Today we will talk about one of the most famous streets in the center of Rome, which connects Piazza Campo de ‘Fiori with Piazza Cairoli, and crosses 3 districts of the Eternal City (Parione, Sant’Eustachio and Regola): Via dei Giubbonari. There are many fun facts about this street. Today we will reveal 3 of them!
1) One street, many names.
The name giubbonari derives from the weavers of corsets that had many shops in the area, the “gipponari”, a term that over time turned into giubbonari.
The street has had many nicknames over the centuries:
- It used to be called “dei pelamantelli” because the carders of raw fabrics used to work here.
- Citizens used to call it also “mercatoria”, due to the presence of dozens of shops that dotted every corner.
After the war, it was called “dei cicaroli” instead, because here there were many ciche (cigarette butts) collectors that sold recycled tobacco made from cigarette butts.
2) Following the footsteps of a ghost.
In Vicolo delle Grotte, located between Via dei Giubbonari and Via Capo di Ferro, lived Lorenza, whose real name was Serafina Feliciani, wife of Cagliostro, the famous Italian adventurer, esoterist and alchemist.
It is said that the woman’s ghost, injured by a raven, runs through the streets every night around her old house, seeking protection at the gates. It blushes from the remorse of having, albeit unknowingly, handed her husband over to the Inquisition.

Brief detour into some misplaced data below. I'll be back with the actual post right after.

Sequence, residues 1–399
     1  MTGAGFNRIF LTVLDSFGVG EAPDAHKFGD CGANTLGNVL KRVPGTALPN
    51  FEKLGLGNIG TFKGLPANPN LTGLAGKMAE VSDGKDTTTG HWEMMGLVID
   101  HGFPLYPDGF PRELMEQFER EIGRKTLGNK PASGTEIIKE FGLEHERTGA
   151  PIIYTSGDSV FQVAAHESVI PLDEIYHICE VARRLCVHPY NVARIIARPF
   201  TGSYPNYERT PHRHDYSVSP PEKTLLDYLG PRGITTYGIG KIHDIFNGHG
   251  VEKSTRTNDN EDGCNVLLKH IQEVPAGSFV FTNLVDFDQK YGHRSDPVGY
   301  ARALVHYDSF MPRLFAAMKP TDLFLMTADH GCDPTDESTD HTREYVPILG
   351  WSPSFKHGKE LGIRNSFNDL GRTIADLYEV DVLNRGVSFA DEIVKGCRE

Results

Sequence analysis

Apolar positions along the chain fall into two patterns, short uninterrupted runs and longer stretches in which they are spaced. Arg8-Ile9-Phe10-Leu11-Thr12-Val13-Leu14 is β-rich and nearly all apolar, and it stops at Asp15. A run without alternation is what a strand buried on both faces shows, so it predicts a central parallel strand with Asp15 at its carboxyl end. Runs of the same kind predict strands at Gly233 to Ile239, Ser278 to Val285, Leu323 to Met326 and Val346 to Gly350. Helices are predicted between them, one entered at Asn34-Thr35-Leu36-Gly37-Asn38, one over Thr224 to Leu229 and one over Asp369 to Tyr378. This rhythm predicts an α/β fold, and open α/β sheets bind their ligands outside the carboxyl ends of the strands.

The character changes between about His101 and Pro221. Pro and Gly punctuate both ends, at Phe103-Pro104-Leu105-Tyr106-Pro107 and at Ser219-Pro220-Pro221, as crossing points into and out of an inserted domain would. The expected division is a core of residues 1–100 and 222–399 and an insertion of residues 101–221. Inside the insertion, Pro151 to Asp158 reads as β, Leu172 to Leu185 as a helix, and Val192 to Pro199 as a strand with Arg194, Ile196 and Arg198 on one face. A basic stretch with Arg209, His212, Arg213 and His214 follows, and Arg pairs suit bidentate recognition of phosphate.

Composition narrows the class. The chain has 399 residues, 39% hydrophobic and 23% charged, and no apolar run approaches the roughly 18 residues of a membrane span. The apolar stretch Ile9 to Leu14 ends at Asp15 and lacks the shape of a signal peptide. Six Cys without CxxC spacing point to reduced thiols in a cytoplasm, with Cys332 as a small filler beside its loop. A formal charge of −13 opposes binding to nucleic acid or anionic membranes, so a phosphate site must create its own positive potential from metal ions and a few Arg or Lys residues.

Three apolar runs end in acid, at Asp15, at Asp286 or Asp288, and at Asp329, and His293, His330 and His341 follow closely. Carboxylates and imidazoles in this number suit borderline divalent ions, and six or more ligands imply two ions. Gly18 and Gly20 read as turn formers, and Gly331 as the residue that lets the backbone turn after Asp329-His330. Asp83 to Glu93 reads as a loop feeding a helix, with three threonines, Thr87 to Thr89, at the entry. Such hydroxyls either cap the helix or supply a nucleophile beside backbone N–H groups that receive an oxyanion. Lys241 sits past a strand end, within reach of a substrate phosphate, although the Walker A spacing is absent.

Her crazy night run seems to stop at Piazza di Spagna, where Cagliostro was arrested.
3) From noble residence to school, passing through the Monte di Pietà.
At 41 Via di Giubbonari there is the so-called “Casa Grande de Barberini”, better known as Palazzo Barberini ai Giubbonari.
Its construction began on 1581, by Francesco Barberini, apostolic protonotary. In the following years, the works were continued by his nephew Maffeo, who expanded it and further enriched it. When the latter became Pope (the famous Urban VIII), the family moved to the majestic palace in Via Quattro Fontane.
The building was owned by the Barberini until 1734, when it was sold to the Discalced Carmelites, who, in 1759, sold it in turn to the Monte di Pietà. The building is owned by the Municipality of Rome from 1870, when it became the seat of the Vittoria Colonna school.
Bags & Fruits: where handmade is a true passion.
Among the many shops that dot it, at number 106 of Via dei Giubbonari you cannot fail to notice a colourful and original showcase which exposes bags, backpacks, suitcases, wallets and much more.
It is the reign of Jaim Telias, a Chilean entrepreneur who has made the Made in Italy his flagship. All the products are handmade in workshops scattered throughout the territory. They are unique models, the result of innovative ideas of experienced designers, made to last and to never get you bored.
Come and visit us: we wait for you every day from 10:00 to 20:00 (on Sundays from 11:30).
If you want to stay comfortably at home, surf the virtual store, choose the product you prefer and chat in real time with your personal shopper, who will know how to advise you for the best!